I get home at one in the morning and I’m nervous. If she’s up, she’s definitely going to be mad. She won’t have eaten at her regular dinner time (seven, on the dot) and I’ll no doubt get a proper telling off. I open the door to the flat and she’s sat in the middle of the hallway, staring at me. The cat isn’t mad then – she’s disappointed. As I walk past her towards the living room, she starts shouting at me in a tone that sounds exactly like my voice the time that she threw a plant into the toilet.
In the living room, Mog has thrown her food bowls over. She stares at them admonishingly and then looks at me, and I know that I’ve committed a serious crime by leaving her alone for a whole evening.
I thought living on my own would mean that I was no longer accountable to anyone but myself. Instead, I’m accountable to an eight-month old kitten. I’m not sure how it happened, but at some point in the last three months, the cat became my conscience. She’s the niggle in the back of my head that tells me to go home if I’m on a night out. I feel as though I can’t overdo it with my socialising because I also need to socialise the cat, because I don’t want her to grow up to be a dickhead.
Before my flatmate moved out, I received a lot of advice about living alone. Friends who had ventured into that world before told me that I’d absolutely love it. They said it was liberating. Others told me it was something they could never undertake for themselves. I’ve now been at it for almost three months, and I swing between absolutely loving it and being slightly distressed.
So far the advantages are:
- When you come home from a stressful day where you’ve done a lot of socialising and you don’t have to speak to anyone. You can just sit in silence for hours. As an introvert, this is my dream life.
- You won’t believe how long a single onion can last. It’s bloody ages. One onion and that’s basically your weekly shop done.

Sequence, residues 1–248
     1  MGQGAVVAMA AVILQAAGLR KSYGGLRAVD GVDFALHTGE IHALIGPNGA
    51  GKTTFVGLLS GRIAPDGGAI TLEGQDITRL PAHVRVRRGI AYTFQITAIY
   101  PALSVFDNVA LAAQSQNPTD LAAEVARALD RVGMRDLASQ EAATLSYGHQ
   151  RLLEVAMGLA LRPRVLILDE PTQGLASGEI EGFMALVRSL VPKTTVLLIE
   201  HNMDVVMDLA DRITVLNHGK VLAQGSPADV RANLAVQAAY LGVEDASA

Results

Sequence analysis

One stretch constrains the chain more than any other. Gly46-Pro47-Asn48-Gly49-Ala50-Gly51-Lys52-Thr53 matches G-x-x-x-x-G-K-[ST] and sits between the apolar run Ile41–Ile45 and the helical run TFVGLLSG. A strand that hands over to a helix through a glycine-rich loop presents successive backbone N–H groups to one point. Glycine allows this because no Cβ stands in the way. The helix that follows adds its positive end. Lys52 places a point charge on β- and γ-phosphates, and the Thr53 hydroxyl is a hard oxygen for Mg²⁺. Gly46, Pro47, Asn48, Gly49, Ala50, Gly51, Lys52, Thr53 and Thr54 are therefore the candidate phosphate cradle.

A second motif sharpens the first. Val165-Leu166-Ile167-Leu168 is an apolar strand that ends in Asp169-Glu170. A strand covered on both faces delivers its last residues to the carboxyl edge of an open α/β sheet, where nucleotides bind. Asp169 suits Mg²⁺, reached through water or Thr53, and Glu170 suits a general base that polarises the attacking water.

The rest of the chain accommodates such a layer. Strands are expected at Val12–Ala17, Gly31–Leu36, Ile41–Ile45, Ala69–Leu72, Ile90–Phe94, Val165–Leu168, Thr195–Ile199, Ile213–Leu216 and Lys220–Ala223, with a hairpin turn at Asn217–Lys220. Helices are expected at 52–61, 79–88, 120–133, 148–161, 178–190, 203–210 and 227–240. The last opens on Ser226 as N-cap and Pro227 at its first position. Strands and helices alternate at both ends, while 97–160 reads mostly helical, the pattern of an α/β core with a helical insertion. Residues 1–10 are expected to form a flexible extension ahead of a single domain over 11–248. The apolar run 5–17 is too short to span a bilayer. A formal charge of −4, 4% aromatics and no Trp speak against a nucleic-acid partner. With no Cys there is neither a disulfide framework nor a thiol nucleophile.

- If you keep things tidy, they stay tidy. Nothing magically moves. Day-to-day maintenance is easy.
- If you decide to get obsessed with a new home-keeping concept (I’ve recently been riding the minimalism bus), you can implement it everywhere and there’s no one to stop you.
That’s the good stuff. The hard stuff is pretty hard. You essentially have the responsibility for the ENTIRE SPACE THAT YOU LIVE IN. When the communal fire alarm goes off, you have to stand outside and have the awkward neighbour conversation. Issue with your parking spot? Get ready to draft a passive aggressive note. What if you get locked out at four in the morning wearing odd shoes? That’s on you, mate. You have to make phone calls and fix things, and none of those niggling issues ever go away unless you proactively solve them. It gets a bit exhausting.
I really enjoy my own company. I have a generally good time with myself. However, I’m also beginning to learn that have a little bottle of social energy that I need to spend each week – otherwise I go a bit stir crazy. It’s like when you go on holiday with someone who you get on well with, but the holiday is a few days too long and all of a sudden you need a BREAK. Living alone is that, but with my own brain. I’ve had to learn new ways to be alone (in the form of excessive amounts of yoga and a lot of cooking). This has allowed me to start figuring out the kind of habits I want for myself. It’s like having a new housemate, and that housemate is me. It has the potential to be amazing.
There was a night recently, halfway through having my flat decorated, where everything I own was draped with plastic sheets. It was a bit like I’d walked into a crime scene for my own life. I could see a painter’s hat and the flashing eyes of my cat hidden underneath the sheets. It was not a practical situation. I knew that somewhere under all of that stuff was my hairdryer. I needed it for tomorrow. Tomorrow involved a client meeting. If this had happened when I first started living alone, I probably would have gone into overdrive. Instead I pulled out a dining room chair, balanced my laptop on top of the sheets and made some wicked falafel wraps.
So far, the journey of living alone has been about learning to be. It’s allowing yourself to crack on without the distraction of another person, learning to deal with your own shit and responding to the never-ending demands of owning a cat. It’s a pretty exciting challenge. I think I actually quite like it.